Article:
A Black Day for Arrogant Entrepreneurs (and those who gain opportunities from what they create)

Friday, July 13, 2007
The popular wisdom is that Conrad Back is an arrogant man who must be guilty because he shows contempt for ordinary people, their regulated lives and their (arrogant) envies, and he has an evident passion for power, wealth, and above all, status. This only begs the question of what is he guilty, if the kind of media business he made possible was only possible with such a man at its head, something the various grey-suited investment funds who now portray themselves as Black's victims must surely have known when they first bedded him. Is the world and its conflicts really very often reducible to clear-cut victims and victimizers, or does application of the postmodern scapegoating logic only create its own further losers? Nothing has done more to ruin investments in Black business than has Black's prosecution, raising the legitimate doubt that protection of shareholders, and not marketplace resentment, is at the heart of the matter. Protecting shareholders is not, admittedly, synonymous with upholding the law, but should we prosecute people when doubts about the existence of obvious victims is better mediated by civil litigation?

At first, Black's investors, largely anonymous corporate players, needed such a man, good at trading horses (though only good as long as he didn't have to wear and live the life of a grey flannel suit); but when they felt he crossed them, probably slept around, and wrangled more from their partnership than they thought he deserved, breaking or bending the rules of the horse track along the way, they found they could bring him down, with the help of the bureaucratic elite's favourite criminal prosecutor, Patrick Fitzgerald. But it turns out, somewhat like Scooter Libby, Black was really brought down, for obstruction of justice, by his apparent ass-covering actions after the prosecutorial process had commenced. Is he the business equivalent of an adulterer being criminally charged for beating his wife? More thoughts below on whether American justice is taking lessons from the Chinese Communist party.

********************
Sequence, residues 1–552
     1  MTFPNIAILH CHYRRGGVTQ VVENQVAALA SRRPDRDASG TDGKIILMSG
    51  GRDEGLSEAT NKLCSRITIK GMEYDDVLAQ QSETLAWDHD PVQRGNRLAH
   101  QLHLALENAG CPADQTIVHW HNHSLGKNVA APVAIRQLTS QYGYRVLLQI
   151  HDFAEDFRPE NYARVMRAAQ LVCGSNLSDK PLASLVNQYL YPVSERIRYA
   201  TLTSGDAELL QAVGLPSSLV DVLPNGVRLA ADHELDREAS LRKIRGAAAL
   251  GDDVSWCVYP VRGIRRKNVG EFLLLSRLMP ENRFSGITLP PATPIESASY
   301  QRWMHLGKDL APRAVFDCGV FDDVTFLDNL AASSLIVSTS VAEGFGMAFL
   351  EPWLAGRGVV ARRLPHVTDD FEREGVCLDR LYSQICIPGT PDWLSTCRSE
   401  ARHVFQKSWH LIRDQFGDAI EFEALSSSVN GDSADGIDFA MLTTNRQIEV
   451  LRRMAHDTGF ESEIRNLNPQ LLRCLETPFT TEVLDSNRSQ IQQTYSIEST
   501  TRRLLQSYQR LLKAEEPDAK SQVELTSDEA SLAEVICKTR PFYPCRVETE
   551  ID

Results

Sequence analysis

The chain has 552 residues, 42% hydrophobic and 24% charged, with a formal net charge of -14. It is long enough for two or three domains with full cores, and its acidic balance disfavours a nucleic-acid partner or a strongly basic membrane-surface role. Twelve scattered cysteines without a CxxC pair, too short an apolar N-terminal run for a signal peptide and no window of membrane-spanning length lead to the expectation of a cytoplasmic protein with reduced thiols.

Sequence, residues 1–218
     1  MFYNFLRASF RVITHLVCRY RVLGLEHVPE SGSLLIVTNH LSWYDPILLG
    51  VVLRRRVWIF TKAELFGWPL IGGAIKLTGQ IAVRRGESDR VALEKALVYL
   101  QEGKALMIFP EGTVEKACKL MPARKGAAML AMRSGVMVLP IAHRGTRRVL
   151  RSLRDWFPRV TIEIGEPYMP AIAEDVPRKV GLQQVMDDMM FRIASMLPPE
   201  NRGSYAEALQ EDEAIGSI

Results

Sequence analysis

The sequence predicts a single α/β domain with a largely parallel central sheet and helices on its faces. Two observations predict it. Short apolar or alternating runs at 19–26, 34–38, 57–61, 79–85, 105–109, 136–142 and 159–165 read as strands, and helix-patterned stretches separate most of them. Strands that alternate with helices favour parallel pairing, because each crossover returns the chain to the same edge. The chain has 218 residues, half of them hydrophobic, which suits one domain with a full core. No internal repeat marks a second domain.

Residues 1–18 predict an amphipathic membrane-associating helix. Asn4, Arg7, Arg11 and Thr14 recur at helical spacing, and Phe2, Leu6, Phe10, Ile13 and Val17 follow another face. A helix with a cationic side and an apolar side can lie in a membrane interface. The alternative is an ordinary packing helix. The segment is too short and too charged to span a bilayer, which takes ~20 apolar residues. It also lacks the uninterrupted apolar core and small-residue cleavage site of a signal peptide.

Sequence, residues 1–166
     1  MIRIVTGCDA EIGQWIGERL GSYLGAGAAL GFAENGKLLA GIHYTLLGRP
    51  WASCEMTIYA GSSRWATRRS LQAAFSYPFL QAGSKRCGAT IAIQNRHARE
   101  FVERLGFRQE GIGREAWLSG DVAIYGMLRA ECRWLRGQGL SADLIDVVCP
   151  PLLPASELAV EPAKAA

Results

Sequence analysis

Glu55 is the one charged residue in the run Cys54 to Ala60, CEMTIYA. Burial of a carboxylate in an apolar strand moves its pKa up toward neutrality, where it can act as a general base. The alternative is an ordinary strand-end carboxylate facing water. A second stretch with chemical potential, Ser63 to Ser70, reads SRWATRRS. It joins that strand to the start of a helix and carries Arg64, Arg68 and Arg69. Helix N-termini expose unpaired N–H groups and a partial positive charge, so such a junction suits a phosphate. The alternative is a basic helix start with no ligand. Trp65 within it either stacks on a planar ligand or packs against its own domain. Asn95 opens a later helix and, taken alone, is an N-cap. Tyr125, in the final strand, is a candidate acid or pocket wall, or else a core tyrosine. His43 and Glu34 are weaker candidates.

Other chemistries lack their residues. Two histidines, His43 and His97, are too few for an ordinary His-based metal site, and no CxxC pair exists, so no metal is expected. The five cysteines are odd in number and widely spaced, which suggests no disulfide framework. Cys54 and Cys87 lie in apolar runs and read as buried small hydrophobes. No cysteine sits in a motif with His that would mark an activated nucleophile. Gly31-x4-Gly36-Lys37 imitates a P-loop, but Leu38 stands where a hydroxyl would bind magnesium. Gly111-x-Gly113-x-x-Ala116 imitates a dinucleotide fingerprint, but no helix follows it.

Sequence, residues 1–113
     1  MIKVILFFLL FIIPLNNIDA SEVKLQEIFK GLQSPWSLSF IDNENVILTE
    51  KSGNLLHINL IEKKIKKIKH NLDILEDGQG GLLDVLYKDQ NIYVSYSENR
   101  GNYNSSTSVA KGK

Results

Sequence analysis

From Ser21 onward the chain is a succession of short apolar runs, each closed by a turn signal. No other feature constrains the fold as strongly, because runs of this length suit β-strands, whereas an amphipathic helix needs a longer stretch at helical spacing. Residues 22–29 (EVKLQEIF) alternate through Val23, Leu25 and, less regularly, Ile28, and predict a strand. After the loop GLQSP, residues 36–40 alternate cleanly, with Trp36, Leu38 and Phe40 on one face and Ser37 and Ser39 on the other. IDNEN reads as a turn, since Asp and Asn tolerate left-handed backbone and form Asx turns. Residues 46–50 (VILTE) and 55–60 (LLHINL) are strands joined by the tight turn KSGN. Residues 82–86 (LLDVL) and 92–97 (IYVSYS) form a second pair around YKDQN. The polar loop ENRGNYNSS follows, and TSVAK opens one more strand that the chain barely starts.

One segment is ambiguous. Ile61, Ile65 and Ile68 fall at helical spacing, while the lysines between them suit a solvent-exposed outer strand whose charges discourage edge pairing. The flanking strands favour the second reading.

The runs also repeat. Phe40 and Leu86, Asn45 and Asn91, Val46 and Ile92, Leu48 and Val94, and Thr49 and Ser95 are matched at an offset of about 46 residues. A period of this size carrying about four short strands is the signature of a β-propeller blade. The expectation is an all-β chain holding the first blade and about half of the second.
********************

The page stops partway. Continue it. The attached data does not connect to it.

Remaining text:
Alykhan Velshi, writing in September 2006:
The trial by attrition of Conrad Black has exposed the dark underbelly of the legal system, where the government can ruin a man, take his property, his means of livelihood, and make him a social pariah – all without the hassle of securing a conviction. There is an insidious little worm that has crept into the legal system, an iconoclastic mentality that is distorting the rule of law. Focused less on securing justice than on bringing down the high and mighty, all the while pandering to the politics of envy, it affects the entire system of corporate governance.

This is highlighted by four developments in the law of corporate governance: the concentration of power in the hands of minority shareholders, the criminalization of technical regulatory violations, the abandonment of the rule of law in favor of aggressive prosecutorial tactics, and the entrenchment of a culture that penalizes success.
[...]
In 2003, just as his legal troubles were beginning, Black published a laudatory biography of Franklin Delano Roosevelt. In it, Black acknowledged that the New Deal probably prolonged the Great Depression, but countered that it preserved the credibility of the market economy at a time when unemployment was more than 30% and there was a genuine crisis of capitalism. There is a certain cruel irony in Black's praise of the New Deal, because there is a direct line from the New Deal to Black's current woes.

The New Deal's creation of the regulatory state – where Congress delegated much of its law-making power to specialist executive agencies – has through the effluxion of time resulted in regulatory agencies making the rules, defining their scope and, in some cases, actually enforcing them. Conrad Black, whatever his views on the New Deal’s golden legacy, is today in the crosshairs of its golden shower: what would previously have been civil wrongs punished by a fine are now criminal offenses, and Black is a latter-day Joseph K.